[dropcap]A[/dropcap]s the 2015–2016 academic year comes to a close, The Varsity sits down with Meric Gertler, president of the University of Toronto, to have a candid conversation about some of the most prominent campus issues.
The Varsity: My first question is do you think that education is a right?
Meric Gertler: Do I think that education is a right? I believe that societies have an interest and an obligation to ensure that as many of its members as possible can be educated, so, you know, my objective would be very much in line with the policy of this university, which is that anyone who is academically qualified should not be prevented from entering a program or completing a program for reasons related to financial need. So there’s a pretty strong values statement underlying that position.
TV: So with that in mind, would you support the idea of free tuition?
MG: I would support the idea of free tuition for those students and their families who need it. It makes no sense to have a blanket free tuition policy, because you’d end up subsidizing a large number of students and their families who don’t need the assistance, so I would much rather that we allocate as much of our public resources as possible to those that are most in need.
Having said that, there are good reasons why a portion of every student’s education cost should be paid for by the state, i.e, by the public sector, because there are public benefits that accrue to society when we educate an individual student. So there are private benefits the student enjoys in terms of their lifelong learnings and their lifetime satisfaction, but there are also social benefits, so it makes sense for the cost of education to be shared in that regard.
TV: Do you think that regular tuition increases are the best kind of long-term strategy to combat lack of funding?
MG: I’d rather not answer that in the abstract. I think that — let’s relate it to the context in Ontario, where we have seen many years where the provincial government has, in my view, not fulfilled its responsibility to underwrite the cost of education through the grant that it gives to the universities for each student. So my druthers, my preference, would be to see those grant transfers going up, so that we could hold the line on tuition fees or pass through smaller fees. So you know, that would be my preference. The fact that they have been unwilling or unable to do that has largely explained why we have had to bring in the tuition increases that we have.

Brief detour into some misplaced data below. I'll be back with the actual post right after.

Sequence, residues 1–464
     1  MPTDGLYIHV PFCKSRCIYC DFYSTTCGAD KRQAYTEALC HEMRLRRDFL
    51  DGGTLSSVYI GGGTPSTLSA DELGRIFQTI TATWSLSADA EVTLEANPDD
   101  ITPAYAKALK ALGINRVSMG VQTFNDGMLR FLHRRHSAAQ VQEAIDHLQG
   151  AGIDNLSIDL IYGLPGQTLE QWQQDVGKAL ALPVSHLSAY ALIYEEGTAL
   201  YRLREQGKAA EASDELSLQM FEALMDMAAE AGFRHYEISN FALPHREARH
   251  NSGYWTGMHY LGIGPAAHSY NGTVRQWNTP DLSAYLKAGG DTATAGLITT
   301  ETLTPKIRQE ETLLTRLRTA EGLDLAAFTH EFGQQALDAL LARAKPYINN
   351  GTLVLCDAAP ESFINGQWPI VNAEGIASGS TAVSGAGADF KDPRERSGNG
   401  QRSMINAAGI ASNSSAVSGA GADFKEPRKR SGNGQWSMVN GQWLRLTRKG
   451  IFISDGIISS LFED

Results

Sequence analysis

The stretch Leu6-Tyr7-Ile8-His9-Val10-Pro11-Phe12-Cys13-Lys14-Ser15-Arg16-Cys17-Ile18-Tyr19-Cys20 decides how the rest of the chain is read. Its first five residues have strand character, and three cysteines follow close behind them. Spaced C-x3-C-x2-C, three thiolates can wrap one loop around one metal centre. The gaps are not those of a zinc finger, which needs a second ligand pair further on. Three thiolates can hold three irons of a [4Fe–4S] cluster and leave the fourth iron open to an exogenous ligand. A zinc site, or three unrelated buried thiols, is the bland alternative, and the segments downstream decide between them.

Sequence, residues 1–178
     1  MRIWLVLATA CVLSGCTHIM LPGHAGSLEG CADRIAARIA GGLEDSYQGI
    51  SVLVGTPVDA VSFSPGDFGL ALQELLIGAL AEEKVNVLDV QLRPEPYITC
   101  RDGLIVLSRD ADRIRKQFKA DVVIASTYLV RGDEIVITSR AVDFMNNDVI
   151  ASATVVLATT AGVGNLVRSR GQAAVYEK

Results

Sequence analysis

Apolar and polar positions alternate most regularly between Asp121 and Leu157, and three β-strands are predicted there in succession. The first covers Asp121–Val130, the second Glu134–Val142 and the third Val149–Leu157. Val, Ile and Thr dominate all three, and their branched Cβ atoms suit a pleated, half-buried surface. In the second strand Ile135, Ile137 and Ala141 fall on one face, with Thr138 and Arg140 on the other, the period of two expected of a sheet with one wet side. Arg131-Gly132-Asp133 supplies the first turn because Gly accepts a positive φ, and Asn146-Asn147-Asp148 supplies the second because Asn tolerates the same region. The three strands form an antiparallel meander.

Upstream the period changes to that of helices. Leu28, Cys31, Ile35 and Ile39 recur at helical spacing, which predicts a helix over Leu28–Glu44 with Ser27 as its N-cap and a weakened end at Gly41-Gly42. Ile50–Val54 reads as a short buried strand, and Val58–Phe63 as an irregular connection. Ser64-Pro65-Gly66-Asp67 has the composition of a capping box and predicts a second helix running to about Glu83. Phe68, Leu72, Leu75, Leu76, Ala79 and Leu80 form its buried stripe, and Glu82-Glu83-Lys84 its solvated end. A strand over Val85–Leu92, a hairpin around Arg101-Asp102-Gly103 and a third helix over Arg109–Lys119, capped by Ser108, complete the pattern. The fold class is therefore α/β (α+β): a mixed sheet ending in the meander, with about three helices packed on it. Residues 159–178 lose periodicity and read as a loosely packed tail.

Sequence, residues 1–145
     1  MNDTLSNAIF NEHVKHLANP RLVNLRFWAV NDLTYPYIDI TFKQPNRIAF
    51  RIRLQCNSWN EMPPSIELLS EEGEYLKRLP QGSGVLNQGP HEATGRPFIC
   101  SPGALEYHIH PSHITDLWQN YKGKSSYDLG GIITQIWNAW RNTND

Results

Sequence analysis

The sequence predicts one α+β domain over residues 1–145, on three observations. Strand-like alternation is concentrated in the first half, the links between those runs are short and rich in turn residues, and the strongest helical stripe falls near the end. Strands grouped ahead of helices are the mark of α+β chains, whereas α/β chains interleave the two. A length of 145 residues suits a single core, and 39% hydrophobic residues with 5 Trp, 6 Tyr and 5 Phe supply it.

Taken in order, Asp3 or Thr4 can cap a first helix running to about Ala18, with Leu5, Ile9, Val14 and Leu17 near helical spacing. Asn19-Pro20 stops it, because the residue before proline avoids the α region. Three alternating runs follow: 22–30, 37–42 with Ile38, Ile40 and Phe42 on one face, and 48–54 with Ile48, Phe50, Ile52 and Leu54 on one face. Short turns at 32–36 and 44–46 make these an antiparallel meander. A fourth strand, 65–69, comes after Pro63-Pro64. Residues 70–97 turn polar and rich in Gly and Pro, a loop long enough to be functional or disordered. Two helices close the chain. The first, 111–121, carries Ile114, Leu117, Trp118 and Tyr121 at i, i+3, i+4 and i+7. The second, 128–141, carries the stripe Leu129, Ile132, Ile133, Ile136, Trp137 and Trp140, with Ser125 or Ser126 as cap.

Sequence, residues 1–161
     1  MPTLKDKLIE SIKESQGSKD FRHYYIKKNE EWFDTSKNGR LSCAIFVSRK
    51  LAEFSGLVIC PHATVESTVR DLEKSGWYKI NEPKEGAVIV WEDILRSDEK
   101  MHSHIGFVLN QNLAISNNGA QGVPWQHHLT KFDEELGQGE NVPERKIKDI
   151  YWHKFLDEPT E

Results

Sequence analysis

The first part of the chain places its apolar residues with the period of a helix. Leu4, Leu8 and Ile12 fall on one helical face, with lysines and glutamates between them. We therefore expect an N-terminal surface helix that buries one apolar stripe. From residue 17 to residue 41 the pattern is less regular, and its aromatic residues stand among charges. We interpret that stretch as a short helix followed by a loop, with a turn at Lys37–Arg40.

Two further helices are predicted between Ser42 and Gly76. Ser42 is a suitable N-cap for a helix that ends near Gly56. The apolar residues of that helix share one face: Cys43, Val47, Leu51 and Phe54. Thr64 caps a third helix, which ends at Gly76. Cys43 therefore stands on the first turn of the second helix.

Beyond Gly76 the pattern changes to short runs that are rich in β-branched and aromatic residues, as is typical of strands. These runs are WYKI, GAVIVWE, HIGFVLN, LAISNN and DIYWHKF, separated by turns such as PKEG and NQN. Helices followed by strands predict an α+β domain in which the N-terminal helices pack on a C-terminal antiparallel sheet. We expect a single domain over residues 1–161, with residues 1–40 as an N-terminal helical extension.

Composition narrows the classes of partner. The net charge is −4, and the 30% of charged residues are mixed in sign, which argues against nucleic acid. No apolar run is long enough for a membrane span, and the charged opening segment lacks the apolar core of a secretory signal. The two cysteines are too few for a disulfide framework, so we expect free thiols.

That said, this university I think has done a very good job, through fundraising and other commitments that it has made, to enable students who lack the financial means to be admitted to the university and also to complete programs. And I think that the recent proposals in the last provincial budget, with respect to repackaging financial aid and restructuring, are a welcome move because I do think that they will simplify and clarify the process by which students obtain financial aid and will help encourage a larger number of otherwise qualified students to apply when they may not have had in the past.
TV: Do you have any plans to strike an ad-hoc committee to address the possibility of boycott, divestment and sanctions at U of T?
MG: Could you say that again?
TV: Do you currently have plans to strike an ad-hoc advisory committee — in a similar way that there was one for divestment [from fossil fuels] and one for sexual assault and harassment — do you plan to strike a similar committee for that, to consider boycott, divestment and sanctions against Israel?
TV: Why not?
MG: Because we have been very clear on our position with regard to that issue. We feel that it makes little sense to support the idea of boycotting interaction with an entire nation, that it is far more sensible to encourage those who want to make solid evidence-based arguments in opposition to current policies about particular government to do so, both in Israel and here, if they feel strongly about it.
It makes sense for us to be a place, for the University of Toronto to be a place, where civil discussions of pressing issues around the Middle East, for example, can take place, and where [we] hopefully generate more light than heat, where we can really advance understanding of the issues and hopefully advance progress towards reconciliation of the different views. That to me is the appropriate role for the university with regard to these issues.
TV: What would you say to students who would argue that, by following that policy, the University of Toronto would be complicit in human rights violations?